You're probably used to jotting down rehearsal notes and corrections, but according to research from the University of Pennsylvania's Positive Psychology Center, you may want to save room in your journal for these exercises, too. The writing prompts were designed to boost your well-being by focusing on the positive.


1. Mine your memory

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Recall a time in your life when you felt your best, and write it down with story structure—a clear beginning, middle and end. Over the course of a week, reread it daily, and answer this question: "What personal strengths did I display when I was at my best?" Journaling about your strengths, whether you identify passion, creativity or kindness, can make you more aware of them and more likely to use them.

2. The short list

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You spilled your coffee this morning, missed your bus and fell out of half your turns. But what about the good things that happened today? Spend 10 minutes before bed writing down three positive moments. Then, journal about why each event happened. Constructive reflection can help you form a habit of seeing the good in things more often.

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Rudolf Nureyev and Merle Park in "The Nutcracker" (1968). Photo by Donald Southern, Courtesy of the Royal Opera House Collections.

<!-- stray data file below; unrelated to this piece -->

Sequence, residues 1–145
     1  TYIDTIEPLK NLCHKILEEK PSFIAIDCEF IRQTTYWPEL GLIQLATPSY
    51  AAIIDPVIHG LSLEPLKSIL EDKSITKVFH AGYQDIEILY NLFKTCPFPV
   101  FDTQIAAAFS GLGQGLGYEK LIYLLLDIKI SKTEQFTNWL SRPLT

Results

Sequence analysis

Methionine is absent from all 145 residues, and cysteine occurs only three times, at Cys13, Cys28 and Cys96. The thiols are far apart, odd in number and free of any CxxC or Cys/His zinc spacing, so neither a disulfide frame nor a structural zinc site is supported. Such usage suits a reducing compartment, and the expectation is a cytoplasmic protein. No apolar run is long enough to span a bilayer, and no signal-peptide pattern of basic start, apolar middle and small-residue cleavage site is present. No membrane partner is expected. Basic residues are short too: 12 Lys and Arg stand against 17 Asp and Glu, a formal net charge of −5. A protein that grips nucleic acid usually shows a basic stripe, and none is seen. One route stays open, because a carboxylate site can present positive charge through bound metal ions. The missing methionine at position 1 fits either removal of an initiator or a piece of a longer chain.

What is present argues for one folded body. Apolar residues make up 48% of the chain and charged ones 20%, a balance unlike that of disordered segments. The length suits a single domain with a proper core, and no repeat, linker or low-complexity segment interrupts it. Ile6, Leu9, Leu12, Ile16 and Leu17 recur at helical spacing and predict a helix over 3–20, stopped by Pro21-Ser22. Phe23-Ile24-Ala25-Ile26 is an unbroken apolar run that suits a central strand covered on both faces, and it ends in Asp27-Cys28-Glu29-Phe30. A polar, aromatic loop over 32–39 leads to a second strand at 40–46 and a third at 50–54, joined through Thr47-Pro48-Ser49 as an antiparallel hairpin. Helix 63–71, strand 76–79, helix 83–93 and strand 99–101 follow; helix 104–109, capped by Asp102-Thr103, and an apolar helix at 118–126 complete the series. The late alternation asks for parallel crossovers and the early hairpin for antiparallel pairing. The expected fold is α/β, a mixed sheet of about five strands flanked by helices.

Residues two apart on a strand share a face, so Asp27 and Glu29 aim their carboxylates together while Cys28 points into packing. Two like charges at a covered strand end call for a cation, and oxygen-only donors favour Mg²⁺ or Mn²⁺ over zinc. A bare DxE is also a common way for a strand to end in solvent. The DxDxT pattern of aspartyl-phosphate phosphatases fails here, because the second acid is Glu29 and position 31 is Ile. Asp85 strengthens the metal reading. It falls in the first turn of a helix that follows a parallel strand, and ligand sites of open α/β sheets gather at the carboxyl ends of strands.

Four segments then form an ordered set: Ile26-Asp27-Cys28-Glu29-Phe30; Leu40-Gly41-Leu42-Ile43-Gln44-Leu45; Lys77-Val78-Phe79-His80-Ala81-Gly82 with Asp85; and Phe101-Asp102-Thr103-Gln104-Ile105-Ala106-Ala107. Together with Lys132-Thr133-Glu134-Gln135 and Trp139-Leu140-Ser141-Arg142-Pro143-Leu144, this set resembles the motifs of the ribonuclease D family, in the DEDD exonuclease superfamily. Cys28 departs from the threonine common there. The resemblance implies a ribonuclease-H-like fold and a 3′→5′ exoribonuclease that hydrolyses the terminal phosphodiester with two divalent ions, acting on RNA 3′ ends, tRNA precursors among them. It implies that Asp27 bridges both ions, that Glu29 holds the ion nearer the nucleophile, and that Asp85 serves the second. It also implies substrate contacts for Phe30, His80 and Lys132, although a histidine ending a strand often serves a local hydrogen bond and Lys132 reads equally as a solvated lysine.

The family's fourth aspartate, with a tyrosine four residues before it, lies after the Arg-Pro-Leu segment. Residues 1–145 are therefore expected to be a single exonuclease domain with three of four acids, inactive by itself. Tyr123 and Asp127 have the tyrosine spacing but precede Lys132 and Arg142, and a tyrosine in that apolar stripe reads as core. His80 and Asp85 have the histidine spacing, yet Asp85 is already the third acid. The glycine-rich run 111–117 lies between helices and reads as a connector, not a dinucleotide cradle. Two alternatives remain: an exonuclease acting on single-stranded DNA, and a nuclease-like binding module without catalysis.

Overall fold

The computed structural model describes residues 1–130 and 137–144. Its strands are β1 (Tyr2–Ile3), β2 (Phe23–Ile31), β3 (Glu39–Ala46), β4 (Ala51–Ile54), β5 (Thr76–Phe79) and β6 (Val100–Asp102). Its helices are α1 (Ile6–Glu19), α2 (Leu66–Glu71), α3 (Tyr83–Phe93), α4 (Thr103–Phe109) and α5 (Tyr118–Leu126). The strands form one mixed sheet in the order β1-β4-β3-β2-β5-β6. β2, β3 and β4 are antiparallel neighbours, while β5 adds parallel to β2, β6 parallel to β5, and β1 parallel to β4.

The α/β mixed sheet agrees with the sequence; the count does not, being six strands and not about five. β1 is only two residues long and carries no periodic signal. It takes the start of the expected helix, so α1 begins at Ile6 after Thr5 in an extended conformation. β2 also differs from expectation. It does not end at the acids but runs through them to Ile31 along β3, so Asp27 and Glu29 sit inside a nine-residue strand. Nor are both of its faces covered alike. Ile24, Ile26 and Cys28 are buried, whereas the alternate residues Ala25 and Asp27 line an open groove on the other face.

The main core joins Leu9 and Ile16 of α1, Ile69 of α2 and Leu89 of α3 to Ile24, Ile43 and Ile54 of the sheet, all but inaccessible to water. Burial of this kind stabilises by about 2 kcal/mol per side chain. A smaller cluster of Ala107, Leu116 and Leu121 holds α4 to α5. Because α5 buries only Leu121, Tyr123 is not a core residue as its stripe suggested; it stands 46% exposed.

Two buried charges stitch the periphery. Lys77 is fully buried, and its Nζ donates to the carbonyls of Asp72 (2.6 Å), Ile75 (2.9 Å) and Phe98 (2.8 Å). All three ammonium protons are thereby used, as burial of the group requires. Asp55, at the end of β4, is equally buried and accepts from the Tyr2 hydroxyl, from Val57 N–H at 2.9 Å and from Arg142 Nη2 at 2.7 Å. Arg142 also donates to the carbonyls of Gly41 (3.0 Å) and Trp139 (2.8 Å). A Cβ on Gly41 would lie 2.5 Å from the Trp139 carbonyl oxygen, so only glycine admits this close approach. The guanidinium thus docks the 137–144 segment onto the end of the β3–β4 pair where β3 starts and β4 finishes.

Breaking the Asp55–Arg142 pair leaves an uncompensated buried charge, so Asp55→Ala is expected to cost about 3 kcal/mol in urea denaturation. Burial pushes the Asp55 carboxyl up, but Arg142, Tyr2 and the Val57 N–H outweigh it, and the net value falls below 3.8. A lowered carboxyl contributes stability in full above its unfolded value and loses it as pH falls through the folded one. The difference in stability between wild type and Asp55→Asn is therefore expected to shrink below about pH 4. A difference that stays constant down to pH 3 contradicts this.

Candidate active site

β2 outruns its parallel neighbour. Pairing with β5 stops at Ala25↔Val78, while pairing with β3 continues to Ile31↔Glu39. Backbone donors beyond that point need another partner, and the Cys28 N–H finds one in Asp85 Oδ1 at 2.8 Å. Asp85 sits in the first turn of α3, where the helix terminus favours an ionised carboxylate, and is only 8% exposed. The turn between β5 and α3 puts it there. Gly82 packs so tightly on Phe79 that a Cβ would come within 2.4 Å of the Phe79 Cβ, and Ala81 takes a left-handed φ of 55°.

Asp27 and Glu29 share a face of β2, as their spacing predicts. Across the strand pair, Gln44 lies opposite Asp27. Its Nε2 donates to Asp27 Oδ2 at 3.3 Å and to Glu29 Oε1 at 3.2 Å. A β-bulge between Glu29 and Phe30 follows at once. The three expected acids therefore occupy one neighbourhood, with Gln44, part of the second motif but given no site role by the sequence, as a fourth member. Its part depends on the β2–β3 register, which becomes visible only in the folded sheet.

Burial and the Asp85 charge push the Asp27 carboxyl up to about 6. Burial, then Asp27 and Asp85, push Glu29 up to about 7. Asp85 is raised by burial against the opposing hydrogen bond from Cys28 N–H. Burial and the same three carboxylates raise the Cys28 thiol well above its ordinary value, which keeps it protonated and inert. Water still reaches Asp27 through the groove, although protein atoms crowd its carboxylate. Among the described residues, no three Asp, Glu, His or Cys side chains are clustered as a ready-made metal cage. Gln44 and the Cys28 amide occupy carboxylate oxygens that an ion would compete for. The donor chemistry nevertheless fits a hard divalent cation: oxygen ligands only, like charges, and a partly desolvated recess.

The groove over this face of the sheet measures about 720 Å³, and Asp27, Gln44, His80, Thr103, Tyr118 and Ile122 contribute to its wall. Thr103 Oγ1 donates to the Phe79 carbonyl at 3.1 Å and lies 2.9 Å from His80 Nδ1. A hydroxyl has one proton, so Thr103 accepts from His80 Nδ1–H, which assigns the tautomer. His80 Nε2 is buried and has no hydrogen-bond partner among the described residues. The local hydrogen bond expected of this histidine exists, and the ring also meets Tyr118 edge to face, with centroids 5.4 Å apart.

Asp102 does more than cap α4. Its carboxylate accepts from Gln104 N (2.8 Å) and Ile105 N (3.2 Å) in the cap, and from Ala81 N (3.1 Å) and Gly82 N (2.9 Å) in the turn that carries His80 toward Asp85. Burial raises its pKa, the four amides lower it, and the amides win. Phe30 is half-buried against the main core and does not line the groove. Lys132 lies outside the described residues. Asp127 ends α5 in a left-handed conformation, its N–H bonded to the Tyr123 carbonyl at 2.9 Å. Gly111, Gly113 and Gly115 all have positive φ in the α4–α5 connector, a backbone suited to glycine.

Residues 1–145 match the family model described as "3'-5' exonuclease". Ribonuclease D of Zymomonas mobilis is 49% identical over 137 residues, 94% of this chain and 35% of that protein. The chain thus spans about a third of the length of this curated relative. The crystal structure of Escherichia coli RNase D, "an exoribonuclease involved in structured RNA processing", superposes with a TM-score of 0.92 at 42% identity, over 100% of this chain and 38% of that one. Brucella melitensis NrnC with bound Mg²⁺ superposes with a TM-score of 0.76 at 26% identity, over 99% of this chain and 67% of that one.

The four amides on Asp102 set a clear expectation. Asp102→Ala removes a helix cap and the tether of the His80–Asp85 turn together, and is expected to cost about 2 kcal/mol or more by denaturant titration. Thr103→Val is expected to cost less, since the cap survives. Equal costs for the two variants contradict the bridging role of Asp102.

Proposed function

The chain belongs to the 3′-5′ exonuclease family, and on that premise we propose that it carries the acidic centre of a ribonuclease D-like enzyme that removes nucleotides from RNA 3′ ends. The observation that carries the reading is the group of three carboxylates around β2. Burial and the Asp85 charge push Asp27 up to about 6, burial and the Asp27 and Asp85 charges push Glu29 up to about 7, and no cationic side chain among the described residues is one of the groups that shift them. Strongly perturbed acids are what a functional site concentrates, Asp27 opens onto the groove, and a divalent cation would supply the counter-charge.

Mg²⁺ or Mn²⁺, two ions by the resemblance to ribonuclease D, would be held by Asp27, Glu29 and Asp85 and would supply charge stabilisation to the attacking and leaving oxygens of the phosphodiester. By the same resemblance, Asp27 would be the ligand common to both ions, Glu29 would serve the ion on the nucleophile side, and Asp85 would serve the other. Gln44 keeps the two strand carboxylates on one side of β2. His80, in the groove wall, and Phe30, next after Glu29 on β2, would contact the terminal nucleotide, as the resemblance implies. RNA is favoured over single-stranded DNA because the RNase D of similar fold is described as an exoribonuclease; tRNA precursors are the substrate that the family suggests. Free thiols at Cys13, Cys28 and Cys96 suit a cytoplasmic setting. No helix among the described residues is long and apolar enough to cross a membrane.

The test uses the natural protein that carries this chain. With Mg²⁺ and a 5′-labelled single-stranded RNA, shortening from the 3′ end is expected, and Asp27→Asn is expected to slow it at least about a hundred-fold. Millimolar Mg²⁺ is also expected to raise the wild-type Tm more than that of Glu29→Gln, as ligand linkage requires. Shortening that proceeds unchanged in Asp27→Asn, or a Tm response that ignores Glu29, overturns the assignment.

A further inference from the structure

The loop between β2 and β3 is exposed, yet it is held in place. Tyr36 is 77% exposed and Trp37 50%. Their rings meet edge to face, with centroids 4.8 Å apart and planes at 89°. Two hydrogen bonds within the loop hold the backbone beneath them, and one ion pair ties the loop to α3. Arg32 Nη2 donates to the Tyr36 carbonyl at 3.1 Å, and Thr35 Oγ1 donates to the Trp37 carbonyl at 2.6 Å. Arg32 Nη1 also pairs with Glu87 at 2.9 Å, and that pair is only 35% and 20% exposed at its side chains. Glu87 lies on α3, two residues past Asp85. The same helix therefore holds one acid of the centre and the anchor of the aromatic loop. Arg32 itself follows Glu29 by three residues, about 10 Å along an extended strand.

Given the thousands of incarnations The Nutcracker has undergone—from tiny-tot productions in small-town studios to grand modern classics—the ballet's Grand Pas de Deux from Act II has remained remarkably intact. With slight variations, most professional dancers have seen its familiar choreography at some point or another. Tchaikovsky's radiant score calls to mind elegant promenades, partnered penchées and slow, supported développés.

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Richmond Ballet dancers show off two adoptable shelter dogs at its annual "Pupcracker." Photo courtesy Richmond Ballet

If you're looking to upstage Clara, there's no better way to do it than with a four-legged furry friend—especially when that furry friend is looking for its forever home. Cue Richmond Ballet: During its December 16 and 21 matinees, the company is teaming up with the Richmond SPCA to present the "Pupcracker," special Nutcracker performances featuring adoptable shelter dogs. Several pups make their stage debut during the party scene as the guests bring their family pets to and from the Silberhaus home. Audience members can then meet—and adopt—the dogs during intermission and after the performance. The SPCA even provides a crate, collar, leash and treats so that patrons can bring their new family members home after the show.


Audience members can meet and adopt featured dogs during intermission. Photo Courtesy Richmond Ballet.

Artistic director Stoner Winslett first reached out to SPCA CEO Robin Starr, a former Richmond Ballet board president and current trustee emerita, about partnering up seven years ago. Since then the company has presented 17 "Pupcracker" performances, resulting in 34 adoptions. "I think 'Pupcracker' has been very successful not only in getting dogs adopted on site, but also in raising awareness about shelter pets," says Winslett, who has rescued five dogs herself from the SPCA over the years.